It now praises Drudge for his reach. Without saying so, they almost admit that the Drudge Report has far more influence on journalists and other Americans than the New York Times does. They don’t actually say that. But here’s the real secret, and… (sighs) Well, I don’t want to let too much of the secret out, but this is my opinion. The reason the New York Times gave a positive, almost puff piece-type review of the Drudge Report is because they think that Drudge is in league with the Clintons in helping get her story out. They think the Clinton campaign’s got a line there. They can leak stuff to Drudge and Drudge will run it; it’s harmful to other Democrat candidates, harmful to other Republicans. So Drudge is now a good guy, as far as they’re concerned. So that’s how this stuff happens. Drudge has been trashed and tarnished like all of us have, over the course of his career. Now, all of a sudden, the New York Times likes him? The front page likes him? You cannot miss the Clinton connection here. Now, there’s a lot of things that the New York Times doesn’t understand about conservative media. I’m not saying… Drudge is not conservative media, don’t misunderstand, but the thing that the New York Times, especially reporters, don’t understand is the business angle of any enterprise. They don’t understand the business angle of their own paper. They don’t care about it!

The news reporters at CBS News when Larry Tish bought it and said (paraphrased exchange), ‘You know what? I’ve looked at the books here, you guys, and we gotta cut $200 million of the news budget. You guys are losing money,’ they went and had a cow. Dan Rather went out there and said, ‘We need to be exempt from the bottom line. We are too important! We’re doing a service to the world,’ and blah, blah, blah. They have no clue about the business function of their own organization, and they don’t care, because they’re not invested in the success per se. They all make salaries, and the only thing that’s going to happen is, if the enterprise they’re involved in goes south, they either get fired or a salary cut. But when to participate if the enterprise does really well? They don’t participate in the profits, most of them. They’re just salaried, and most reporters — it’s not a whole lot, particularly print reporters — they don’t care about the business side. As such, they don’t understand it. It’s like I’ve always told you: One of the most profound aspects of the success of this program is its business model. From the get-go, they don’t care about it. They don’t understand it and, even if we gave them the plan on paper, they wouldn’t comprehend it.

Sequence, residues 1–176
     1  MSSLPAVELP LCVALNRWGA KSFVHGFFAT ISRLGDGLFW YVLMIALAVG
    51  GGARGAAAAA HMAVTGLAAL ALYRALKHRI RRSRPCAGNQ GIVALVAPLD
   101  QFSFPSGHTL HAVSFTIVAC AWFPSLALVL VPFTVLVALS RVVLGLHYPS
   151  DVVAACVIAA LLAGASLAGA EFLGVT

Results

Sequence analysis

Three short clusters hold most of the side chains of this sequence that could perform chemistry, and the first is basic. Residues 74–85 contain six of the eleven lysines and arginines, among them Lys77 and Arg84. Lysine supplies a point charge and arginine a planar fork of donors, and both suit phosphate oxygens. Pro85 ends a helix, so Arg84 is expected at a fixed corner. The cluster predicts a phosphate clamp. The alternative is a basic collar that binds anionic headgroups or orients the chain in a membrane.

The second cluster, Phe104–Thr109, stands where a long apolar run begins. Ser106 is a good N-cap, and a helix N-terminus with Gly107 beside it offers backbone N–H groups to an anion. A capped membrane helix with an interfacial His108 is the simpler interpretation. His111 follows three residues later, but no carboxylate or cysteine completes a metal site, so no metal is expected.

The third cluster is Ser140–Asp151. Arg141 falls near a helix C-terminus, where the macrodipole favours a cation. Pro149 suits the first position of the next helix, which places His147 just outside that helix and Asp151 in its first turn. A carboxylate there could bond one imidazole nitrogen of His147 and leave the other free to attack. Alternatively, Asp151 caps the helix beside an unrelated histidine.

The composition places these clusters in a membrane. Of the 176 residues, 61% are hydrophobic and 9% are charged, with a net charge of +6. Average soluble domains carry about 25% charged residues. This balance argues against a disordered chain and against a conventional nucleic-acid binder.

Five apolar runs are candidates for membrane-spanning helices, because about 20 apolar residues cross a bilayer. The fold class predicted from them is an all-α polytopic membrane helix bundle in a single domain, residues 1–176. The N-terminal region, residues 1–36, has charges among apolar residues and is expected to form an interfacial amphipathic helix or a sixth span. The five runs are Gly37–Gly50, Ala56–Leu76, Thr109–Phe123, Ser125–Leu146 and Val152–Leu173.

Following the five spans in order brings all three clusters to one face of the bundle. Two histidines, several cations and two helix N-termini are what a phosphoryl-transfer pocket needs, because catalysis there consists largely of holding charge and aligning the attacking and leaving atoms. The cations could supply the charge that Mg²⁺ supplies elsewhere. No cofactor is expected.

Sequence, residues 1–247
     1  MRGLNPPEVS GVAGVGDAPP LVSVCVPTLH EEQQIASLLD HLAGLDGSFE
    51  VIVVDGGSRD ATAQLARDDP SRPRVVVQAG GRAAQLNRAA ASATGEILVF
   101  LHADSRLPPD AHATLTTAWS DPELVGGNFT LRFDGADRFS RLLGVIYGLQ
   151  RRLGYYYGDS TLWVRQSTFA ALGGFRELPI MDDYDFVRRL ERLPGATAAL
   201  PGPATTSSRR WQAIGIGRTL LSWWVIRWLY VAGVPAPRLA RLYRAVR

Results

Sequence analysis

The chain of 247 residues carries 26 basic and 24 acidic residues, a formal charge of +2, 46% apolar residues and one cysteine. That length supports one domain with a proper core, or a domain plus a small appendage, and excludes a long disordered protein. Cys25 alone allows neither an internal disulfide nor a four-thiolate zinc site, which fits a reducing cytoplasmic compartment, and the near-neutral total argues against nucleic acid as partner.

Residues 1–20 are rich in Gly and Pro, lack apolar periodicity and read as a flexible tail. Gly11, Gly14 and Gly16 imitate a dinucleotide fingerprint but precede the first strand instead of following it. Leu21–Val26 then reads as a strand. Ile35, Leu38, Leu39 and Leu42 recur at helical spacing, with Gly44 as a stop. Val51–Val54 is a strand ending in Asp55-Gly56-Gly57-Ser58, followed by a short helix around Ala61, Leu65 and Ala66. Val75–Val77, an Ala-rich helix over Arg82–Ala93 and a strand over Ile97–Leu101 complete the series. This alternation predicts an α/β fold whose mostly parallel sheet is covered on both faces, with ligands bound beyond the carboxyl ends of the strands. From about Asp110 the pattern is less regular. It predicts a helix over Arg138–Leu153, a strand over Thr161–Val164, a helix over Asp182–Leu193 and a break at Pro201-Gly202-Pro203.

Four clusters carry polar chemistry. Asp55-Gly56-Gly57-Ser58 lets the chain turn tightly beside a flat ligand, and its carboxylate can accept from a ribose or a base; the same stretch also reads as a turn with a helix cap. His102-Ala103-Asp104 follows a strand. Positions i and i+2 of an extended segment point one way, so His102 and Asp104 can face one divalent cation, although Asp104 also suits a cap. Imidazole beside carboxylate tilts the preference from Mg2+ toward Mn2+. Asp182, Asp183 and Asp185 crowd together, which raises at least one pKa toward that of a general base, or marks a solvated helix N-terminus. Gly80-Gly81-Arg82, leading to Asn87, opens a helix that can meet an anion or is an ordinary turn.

It wouldn’t make sense. These are not capitalists in that sense. They think that this program is simply successful for one reason, that it has a host who cannot tell the truth; that you are a bunch of mind-numbed robots who believe the falsehoods that I tell you, and that we are all a collective bunch of nincompoop idiots and it’s only your stupidity that allows this program to be as successful as it is. They haven’t the slightest idea. They think everything is agenda-driven. So when they look at the success of this program, they see a hidden, secret political agenda designed to poison and infiltrate your meager minds, and because you are dummkopfs, you have easily fallen for it. They have no interest in the business side — and I say when they examine Drudge, they couldn’t care less about the business. Because they see all these other things as potential enemies, to them, advancing their own agenda, so they just miss it. For people who are supposedly the brightest and best educated in journalism or politics or whatever, most of them are the most amazingly closed-minded, agenda-driven themselves, with their own narratives of story, after story, after story, and the worst thing that could happen this morning guys is to have their narrative or their template be contradicted by the truth. That just sends them into tizzies and what they ultimately decide is the truth isn’t the truth, and they stick with the narrative. The Duke rape case is one of many examples I could cite.